Let's be honest: America has a drug problem. I don't mean an issue of addiction, but instead a deeply rooted problem to do with how we talk about drugs. In her latest drug-confession filled Rolling Stone interview, Miley Cyrus made us cringe once again with her seemingly compulsive need to share her drug-related wisdom with us, because, ya know, she's an adult now, guys, and being a grown-up means doing drugs... or something.
Anyhow, it brought to mind the dichotomy we the public employ when it comes to discussing drugs, or how honest celebrities are allowed to be, and sometimes both. We complain about the scrubbed-clean PR machine approach to celebrity, but when someone like Miley Cyrus comes clean about her drug use, we are almost unanimously disdainful. We crave insider knowledge of how stars live and what they do, but god forbid they tell us, because then we suddenly morph into prim old ladies, unwilling to confront the fact that the majority of people Miley's age have exposure to drugs.
Yes, she grew up on the Disney Channel, so it could well be that that gut-feeling of revulsion we have when she gets naked or talks about all the drugs she's done is due to the fact that we watched her turn from a PG-rated Disney princess to a very X-rated pop star in a short period of time. But I don't really think that's the issue, as Selena Gomez, Lindsay Lohan, Ashley Tisdale and countless others have made the transformation from Disney star to fully-fledged celebrity without half the drama or belly-aching.
Miley Cyrus is giving us exactly what we want, the honest-to-goodness truth, and how are we responding? By making fun of her, calling her crazy and watching with a less-than-vague sense of superiority as she theoretically runs her dignity into the ground.
Miley Cyrus is my age, and I know from experience that people my age do drugs. If they do a lot of drugs, often (and some do), it seems to produce a need to talk about the drugs they do, how they feel about them, and how cool they think the drugs make them look. It's the too-much-Molly syndrome, and my bet is that the vast majority of them/us will grow out of it. We're impressionable, inexperienced and trying desperately to figure out how to be adults, and that means that sometimes, we young 20-somethings act like dick heads. Including Miley Cyrus.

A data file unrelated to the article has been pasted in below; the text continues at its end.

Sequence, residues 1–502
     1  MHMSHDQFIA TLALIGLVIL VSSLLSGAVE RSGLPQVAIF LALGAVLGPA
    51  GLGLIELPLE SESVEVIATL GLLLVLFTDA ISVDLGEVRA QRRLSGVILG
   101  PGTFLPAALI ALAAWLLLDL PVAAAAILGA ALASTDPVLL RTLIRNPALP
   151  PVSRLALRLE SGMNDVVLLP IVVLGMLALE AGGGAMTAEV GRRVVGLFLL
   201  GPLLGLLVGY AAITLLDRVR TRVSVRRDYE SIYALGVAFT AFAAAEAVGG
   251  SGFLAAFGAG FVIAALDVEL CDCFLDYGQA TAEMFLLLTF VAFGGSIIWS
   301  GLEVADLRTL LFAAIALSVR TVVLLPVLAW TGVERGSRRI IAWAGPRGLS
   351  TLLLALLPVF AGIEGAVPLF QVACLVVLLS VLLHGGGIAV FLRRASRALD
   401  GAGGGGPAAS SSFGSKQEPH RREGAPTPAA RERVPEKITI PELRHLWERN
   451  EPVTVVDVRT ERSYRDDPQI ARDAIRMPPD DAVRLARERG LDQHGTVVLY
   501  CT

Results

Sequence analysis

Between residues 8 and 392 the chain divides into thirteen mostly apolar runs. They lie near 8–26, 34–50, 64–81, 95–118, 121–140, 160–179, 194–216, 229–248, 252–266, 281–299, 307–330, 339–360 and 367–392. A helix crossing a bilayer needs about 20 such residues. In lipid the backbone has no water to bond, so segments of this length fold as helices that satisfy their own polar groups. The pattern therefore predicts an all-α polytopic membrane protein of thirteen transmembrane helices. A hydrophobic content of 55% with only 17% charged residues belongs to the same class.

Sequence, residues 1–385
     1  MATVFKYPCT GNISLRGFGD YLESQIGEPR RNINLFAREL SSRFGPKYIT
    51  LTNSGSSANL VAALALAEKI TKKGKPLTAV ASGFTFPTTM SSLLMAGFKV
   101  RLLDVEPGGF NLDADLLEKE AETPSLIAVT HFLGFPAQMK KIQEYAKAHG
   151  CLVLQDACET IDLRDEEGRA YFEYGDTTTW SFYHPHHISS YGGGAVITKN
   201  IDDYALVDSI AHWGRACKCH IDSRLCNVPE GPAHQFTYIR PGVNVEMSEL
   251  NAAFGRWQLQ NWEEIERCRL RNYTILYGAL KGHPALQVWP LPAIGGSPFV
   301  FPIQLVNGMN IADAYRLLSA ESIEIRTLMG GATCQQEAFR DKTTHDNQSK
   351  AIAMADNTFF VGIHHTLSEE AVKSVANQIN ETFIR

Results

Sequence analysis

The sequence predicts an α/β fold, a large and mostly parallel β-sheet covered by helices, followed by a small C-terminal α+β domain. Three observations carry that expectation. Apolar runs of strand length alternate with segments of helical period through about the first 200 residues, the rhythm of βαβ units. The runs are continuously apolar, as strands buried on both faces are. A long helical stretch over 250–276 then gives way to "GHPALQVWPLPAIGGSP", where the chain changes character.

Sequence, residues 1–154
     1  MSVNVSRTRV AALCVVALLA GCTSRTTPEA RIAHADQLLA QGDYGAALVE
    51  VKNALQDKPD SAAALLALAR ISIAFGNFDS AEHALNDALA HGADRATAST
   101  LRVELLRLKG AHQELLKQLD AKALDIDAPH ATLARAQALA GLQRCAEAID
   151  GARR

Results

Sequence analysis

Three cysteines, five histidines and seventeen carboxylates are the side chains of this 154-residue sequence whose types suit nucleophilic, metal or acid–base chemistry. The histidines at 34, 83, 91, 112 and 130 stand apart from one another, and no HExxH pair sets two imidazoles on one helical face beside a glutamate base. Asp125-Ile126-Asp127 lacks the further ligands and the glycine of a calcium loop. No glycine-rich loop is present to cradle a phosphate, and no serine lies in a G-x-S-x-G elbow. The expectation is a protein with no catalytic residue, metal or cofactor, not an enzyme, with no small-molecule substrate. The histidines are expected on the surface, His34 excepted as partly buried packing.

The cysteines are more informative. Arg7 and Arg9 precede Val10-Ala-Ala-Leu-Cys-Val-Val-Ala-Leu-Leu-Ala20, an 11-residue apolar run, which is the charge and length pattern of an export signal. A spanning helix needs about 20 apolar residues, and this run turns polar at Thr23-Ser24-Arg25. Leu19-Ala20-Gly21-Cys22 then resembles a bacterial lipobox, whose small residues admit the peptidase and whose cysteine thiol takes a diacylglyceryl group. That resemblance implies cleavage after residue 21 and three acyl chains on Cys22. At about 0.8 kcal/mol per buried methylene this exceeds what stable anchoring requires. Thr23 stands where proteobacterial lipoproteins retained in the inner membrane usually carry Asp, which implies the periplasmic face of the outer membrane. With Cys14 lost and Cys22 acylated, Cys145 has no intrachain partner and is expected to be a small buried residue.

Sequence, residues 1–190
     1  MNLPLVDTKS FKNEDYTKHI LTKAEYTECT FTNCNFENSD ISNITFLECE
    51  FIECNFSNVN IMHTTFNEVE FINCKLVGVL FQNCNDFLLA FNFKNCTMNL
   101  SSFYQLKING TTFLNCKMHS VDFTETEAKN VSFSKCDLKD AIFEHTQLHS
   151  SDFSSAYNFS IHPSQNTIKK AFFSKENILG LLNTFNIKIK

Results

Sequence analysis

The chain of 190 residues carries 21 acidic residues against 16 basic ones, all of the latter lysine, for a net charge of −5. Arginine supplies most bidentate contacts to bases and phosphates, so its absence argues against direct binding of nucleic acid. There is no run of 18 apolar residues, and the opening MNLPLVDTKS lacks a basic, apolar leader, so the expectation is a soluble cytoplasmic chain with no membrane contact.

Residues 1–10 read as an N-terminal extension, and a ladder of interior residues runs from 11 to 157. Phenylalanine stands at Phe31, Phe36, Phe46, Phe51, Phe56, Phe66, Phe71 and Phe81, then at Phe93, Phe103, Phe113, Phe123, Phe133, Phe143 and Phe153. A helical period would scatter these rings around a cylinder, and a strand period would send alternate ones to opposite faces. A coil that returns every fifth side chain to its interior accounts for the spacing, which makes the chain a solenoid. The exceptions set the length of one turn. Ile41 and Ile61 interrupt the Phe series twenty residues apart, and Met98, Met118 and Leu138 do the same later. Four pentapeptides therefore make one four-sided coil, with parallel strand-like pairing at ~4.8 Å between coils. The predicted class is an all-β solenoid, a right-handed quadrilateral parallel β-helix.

And OK, acting like dick heads for most of us doesn't involve swinging naked on top of a wrecking ball, but it may involve getting so stoned that you don't wake up as you're being peed on by a friend in an Amsterdam hostel. I can personally tick that esteemed box, so the point is that shit happens. If we can't listen to Miley Cyrus discuss her drug habits publicly, how on earth are we ever going to have honest conversations about drug use with the next generation of young and dumb 20-somethings?
Additionally, the drugs Miley has endorsed are, comparatively, less terrible for you than the ones she didn't. Doing any drug is worse for your health than not doing it, but MDMA and weed have been proven to cause significantly less long term brain damage, so weird as it is to say, if Miley is going to do drugs, and then talk about them, she could be doing much worse.
Considering the miserable state of the War On Drugs that our fine country is so taken with, it seems important to take note of the discomfort that Miley Cyrus's admissions cause, and analyze why it's there, and whether it is appropriate, instead of immediately putting her on the cross for having the balls to be straight with her fans.
Personally, where I want to stand ideologically and where I stand emotionally are two different things. Miley Cyrus's behavior, from the VMA performance to this new round of drug confessions, has made me profoundly uncomfortable. Yet I think it's important, and somewhat admirable that she is using the public sphere to explore her youth and her fame.
She's giving us the hard truth, whether or not we want it, and that is brave, no matter what your personal opinions are. America needs to talk about drugs, and god knows we're talking about Miley Cyrus, so if the two are a package deal, well, there are worse things.